Janet Napolitano: We Must Educate Students Restricting Free Speech What First Amendment Means

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President of the University of California system Janet Napolitano, the former Secretary of Homeland Security, addressed campus free speech on Friday's Morning Joe and the "increasing number of people" who believe controversial speakers should be restricted from making appearances at schools.

"We must remind them that in the past it was speakers favoring, say, the civil rights movement, who were sought to be restricted," Napolitano said of people opposing speakers at UCal schools.

JEREMY PETERS, NEW YORK TIMES: Secretary, back to your home base for a second, the University of California was the birthplace of the free speech movement. These days, it seems more like the birthplace of the new anti-free speech movement. There's a lot of calls to restrict controversial speakers. Some of them racist speakers. Do you think as an educator ahead of the system that there is a generational shift in the understanding of what free speech is and who should be allowed to speak? Is it a problem in your eyes?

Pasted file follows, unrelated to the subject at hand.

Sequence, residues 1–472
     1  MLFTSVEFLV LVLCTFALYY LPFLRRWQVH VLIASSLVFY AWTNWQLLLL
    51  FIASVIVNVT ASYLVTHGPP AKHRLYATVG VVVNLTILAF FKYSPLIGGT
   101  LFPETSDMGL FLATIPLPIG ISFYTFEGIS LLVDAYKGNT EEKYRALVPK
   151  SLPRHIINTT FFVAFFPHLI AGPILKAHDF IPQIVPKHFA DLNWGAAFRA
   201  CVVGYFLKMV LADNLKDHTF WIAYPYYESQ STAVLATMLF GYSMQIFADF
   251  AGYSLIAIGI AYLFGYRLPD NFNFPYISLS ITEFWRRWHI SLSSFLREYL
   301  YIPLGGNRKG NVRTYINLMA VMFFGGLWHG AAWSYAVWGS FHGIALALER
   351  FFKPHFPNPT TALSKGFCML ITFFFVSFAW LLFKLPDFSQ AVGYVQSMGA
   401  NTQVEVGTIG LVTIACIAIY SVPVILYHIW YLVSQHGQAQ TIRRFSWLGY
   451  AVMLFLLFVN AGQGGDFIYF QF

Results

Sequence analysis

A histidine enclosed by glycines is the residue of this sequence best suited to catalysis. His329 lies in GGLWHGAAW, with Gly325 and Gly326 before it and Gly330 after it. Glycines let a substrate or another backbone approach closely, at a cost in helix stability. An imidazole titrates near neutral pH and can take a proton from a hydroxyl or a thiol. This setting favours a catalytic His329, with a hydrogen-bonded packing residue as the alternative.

JANET NAPOLITANO, PRESIDENT OF THE UNIVERSITY OF CALIFORNIA SYSTEM: Yeah, I think it is. And I think we have to do a much better job of educating our young people about what the First Amendment protects, what it means, and how -- once you start restricting speech, you are on a slippery slope. And so we are educators and that should be part of our mission. Because you're absolutely right, we see an increasing number of young people believe that, you know, we should restrict people like, you know, Richard Spencer, or Milo Yiannopoulos, or Ben Shapiro, from speaking at campuses. And we must remind them that in the past it was speakers favoring, say, the civil rights movement, who were sought to be restricted. So, again, education is key.


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